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Old 11-15-2011, 05:51 PM   #1
Acclue
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Looking for a linux distribution for a really old laptop


My school just felt the need to gave away a bunch of IBM Thinkpad 600E laptops and I thought it would be a nice little computer to have for word processing and a little bit of programming when I'm not at my desktop.

Problem is, it came from the school loaded with msdos and I'd really feel more comfortable with a graphical interface, but I can't seem to find a reliable source for a really old linux distribution that will run on it.

So does anyone have any links to something that will run it mostly just for word processing? Preferably in an iso. I can do without the ability to actually compile any modern programming if that's too much to ask of this little guy.

EDIT: Sorry, forgot to put a note at the original post. I managed to use a cd-rw to install the latest version of damn small linux and it works just fine. Thanks for your help everyone.

Last edited by Acclue; 11-20-2011 at 03:30 PM.
 
Old 11-15-2011, 06:31 PM   #2
zrdc28
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Puppy and bodhi will both run on that rig ok. Go to distrowatch and get the iso. Slackware 12.1 is another that will run on it ok.
 
Old 11-15-2011, 06:50 PM   #3
k3lt01
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You don't give us any specs on the machine, that model had various levels of specification from 266 MHz to 400 MHz with 32 to 64 MB RAM.

Debian Lenny (oldstable) with the i486 kernel and maybe even the i686 kernel will run on it if you use a minimal setup, i.e. Fluxbox or something extremely lightweight. I think you could probably, with a little bit of work, get Squeeze (current stable) running on it reasonably ok. Lets put it this way, with any currently supported distro (apart from Puppy or DammSmallLinux) the machine isn't going to be a rocket but for simple work it should be satisfactory.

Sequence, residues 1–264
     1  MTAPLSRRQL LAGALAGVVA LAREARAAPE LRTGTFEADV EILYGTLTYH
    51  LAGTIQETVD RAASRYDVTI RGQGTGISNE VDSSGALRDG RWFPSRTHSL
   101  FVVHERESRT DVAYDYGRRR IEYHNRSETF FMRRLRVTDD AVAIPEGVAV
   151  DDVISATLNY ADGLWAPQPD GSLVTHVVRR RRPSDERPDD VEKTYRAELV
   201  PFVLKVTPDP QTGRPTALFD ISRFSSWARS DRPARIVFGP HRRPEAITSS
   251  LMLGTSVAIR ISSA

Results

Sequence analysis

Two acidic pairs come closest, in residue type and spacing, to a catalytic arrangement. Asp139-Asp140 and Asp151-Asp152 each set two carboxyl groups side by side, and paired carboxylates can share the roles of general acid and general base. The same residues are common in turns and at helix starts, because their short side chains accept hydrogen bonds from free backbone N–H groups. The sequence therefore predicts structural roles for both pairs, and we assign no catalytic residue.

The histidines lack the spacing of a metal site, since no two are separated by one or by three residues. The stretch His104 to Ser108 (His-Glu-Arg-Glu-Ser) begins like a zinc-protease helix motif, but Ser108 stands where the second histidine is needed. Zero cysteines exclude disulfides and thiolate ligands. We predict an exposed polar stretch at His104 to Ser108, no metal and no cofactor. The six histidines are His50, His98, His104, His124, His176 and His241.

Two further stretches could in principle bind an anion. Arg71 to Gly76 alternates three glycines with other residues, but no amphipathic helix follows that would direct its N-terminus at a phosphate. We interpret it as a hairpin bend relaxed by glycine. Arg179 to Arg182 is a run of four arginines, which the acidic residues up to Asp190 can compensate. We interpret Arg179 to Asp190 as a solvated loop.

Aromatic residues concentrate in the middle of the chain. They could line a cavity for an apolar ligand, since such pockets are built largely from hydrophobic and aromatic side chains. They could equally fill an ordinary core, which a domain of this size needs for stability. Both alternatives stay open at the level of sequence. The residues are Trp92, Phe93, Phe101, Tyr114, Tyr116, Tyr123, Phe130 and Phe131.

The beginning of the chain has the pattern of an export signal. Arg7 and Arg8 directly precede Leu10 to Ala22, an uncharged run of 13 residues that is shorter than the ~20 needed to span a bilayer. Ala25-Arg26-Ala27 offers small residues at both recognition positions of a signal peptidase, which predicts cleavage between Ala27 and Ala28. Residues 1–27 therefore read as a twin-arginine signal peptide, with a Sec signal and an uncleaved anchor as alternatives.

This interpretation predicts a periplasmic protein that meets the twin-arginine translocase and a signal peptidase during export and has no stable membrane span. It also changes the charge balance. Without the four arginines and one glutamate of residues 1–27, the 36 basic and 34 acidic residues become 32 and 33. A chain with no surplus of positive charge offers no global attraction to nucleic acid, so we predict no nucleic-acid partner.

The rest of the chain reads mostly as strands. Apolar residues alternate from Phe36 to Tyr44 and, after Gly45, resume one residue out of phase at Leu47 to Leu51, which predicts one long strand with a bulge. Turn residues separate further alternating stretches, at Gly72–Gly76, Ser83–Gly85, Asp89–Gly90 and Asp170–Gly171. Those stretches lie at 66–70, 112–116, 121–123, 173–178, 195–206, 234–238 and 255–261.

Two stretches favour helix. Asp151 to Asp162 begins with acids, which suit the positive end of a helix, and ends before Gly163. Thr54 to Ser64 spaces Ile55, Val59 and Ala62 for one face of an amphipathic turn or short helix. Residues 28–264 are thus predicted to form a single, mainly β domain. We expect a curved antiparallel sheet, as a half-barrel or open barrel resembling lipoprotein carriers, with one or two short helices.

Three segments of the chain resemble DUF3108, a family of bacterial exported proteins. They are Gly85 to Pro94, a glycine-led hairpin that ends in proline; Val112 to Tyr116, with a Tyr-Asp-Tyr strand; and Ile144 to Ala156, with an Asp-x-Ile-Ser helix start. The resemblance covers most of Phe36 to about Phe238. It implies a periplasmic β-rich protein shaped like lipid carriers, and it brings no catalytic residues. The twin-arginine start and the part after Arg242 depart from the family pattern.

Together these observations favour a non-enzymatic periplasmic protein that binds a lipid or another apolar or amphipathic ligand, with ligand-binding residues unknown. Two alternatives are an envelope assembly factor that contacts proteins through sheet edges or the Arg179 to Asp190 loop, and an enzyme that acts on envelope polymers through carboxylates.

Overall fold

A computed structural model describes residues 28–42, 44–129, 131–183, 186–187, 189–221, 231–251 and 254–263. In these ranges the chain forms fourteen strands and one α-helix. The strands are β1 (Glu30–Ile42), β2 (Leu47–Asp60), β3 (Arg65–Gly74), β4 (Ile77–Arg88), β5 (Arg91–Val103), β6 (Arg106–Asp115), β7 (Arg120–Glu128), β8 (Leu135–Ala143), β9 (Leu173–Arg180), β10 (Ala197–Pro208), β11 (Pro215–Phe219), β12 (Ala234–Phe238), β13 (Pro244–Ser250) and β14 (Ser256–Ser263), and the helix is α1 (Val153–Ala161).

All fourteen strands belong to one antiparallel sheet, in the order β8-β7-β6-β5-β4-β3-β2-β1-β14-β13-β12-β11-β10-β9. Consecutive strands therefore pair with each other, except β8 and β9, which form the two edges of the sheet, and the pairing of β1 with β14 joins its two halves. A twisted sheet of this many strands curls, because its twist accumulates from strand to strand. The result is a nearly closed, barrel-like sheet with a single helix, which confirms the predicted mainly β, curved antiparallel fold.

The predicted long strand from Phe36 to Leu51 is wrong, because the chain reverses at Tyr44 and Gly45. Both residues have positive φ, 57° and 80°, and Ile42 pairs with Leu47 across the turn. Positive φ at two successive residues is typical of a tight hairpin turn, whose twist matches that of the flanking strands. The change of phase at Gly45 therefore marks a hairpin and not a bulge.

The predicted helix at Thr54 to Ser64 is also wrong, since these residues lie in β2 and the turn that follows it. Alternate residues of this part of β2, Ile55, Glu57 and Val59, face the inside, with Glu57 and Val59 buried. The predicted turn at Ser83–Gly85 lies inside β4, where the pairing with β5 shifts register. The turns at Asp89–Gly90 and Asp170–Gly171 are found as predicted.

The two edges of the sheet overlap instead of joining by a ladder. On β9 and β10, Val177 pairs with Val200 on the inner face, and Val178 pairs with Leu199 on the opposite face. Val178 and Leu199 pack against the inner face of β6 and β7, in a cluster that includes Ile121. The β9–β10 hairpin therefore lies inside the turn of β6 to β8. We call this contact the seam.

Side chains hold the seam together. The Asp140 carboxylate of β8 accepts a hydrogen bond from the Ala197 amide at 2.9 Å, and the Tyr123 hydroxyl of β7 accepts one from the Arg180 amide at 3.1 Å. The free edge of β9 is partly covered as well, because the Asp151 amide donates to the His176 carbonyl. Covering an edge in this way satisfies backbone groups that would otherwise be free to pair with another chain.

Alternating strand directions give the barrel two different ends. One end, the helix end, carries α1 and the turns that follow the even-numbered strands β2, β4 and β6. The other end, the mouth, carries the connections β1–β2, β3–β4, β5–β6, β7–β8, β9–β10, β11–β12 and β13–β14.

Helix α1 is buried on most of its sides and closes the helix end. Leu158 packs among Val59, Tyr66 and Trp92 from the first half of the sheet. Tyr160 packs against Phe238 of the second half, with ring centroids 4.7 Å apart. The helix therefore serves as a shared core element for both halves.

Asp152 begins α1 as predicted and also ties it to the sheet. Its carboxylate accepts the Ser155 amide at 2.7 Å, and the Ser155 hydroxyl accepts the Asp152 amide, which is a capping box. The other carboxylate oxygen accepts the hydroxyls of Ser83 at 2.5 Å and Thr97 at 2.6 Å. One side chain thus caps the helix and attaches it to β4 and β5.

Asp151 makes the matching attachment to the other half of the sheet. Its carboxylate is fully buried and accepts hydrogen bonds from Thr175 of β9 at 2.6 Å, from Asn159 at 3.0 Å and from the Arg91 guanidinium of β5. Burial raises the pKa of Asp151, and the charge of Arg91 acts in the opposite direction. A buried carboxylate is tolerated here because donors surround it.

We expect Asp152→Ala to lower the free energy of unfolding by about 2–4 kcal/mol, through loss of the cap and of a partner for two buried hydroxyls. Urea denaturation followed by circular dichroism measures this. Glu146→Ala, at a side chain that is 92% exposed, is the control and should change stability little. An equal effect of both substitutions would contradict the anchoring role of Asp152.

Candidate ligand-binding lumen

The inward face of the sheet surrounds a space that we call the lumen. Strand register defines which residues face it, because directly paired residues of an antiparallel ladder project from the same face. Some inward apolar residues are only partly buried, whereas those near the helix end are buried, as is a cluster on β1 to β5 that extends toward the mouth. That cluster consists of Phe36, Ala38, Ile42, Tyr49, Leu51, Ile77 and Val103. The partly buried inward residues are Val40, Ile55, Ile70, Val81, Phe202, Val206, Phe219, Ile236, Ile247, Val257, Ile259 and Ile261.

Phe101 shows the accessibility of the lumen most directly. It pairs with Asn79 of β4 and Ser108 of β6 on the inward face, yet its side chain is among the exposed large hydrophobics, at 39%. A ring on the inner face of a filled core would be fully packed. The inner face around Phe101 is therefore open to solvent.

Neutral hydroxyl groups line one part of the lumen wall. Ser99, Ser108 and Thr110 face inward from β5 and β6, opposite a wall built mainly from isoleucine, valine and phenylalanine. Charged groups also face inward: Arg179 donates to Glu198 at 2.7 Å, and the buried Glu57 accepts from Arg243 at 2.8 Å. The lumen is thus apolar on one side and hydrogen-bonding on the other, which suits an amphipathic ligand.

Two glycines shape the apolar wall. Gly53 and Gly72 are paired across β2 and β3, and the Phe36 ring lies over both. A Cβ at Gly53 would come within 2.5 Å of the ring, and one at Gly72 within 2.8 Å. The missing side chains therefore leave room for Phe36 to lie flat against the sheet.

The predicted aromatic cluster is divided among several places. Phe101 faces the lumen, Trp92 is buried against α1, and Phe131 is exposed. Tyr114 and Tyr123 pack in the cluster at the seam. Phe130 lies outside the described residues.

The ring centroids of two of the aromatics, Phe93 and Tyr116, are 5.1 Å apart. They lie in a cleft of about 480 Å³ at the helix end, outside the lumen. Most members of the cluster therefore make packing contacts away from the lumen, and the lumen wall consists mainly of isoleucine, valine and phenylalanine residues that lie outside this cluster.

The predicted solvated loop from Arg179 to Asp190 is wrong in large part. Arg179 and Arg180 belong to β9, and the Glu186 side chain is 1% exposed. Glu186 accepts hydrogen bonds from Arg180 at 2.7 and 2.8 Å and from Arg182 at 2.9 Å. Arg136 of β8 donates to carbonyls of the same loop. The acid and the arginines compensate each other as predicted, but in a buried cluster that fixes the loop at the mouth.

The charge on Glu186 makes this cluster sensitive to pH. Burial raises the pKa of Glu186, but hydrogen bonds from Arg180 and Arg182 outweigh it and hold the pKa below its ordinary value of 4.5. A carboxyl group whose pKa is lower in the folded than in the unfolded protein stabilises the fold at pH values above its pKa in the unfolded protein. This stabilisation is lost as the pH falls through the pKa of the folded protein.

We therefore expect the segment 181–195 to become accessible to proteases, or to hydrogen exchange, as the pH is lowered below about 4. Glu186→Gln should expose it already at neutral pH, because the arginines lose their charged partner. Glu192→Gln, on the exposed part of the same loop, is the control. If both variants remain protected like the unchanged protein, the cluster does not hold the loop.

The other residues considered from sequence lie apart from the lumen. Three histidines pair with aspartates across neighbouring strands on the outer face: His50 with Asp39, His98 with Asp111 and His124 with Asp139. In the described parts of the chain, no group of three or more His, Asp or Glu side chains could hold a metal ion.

Last edited by k3lt01; 11-15-2011 at 06:55 PM.
 
Old 11-15-2011, 07:01 PM   #4
kindofabuzz
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The thing is that it probably won't boot to a cd and defiantly won't boot to usb.
 
Old 11-15-2011, 07:17 PM   #5
inoculos
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providing you can the thing to boot from cd..

http://tuxradar.com/content/whats-be...t-linux-distro
 
Old 11-15-2011, 07:30 PM   #6
Acclue
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I loaded it with Puppy, but getting an error message at boot.

Code:
Loading drivers needed to access disk drives.. done
Searching for Puppy files....puppy_slacko_5.3.sfs not found. Dropping out to initial-ramdisk console...
/bin/sh: can't access tty; job control turned off
not sure what to think of it, but it's my last cdr till I can stop by the store tomorrow, so I hope it wasn't a bad burn. I'd like to have it for tomorrow morning.

EDIT: it does go past the puppy intro page and I can use the function keys to get into the help files, but after that it just boots with that error.

Last edited by Acclue; 11-15-2011 at 07:35 PM.
 
Old 11-15-2011, 10:43 PM   #7
mogrady
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Try An Older Version of Puppy

I would suggest you drop back to some older versions of Puppy and check the Puppy Distro pages for instructions on how to make a boot FLOPPY DISK that might further your progress. And the Damn Small Distro is also worth a try.

Good luck, Michael
 
Old 11-15-2011, 11:31 PM   #8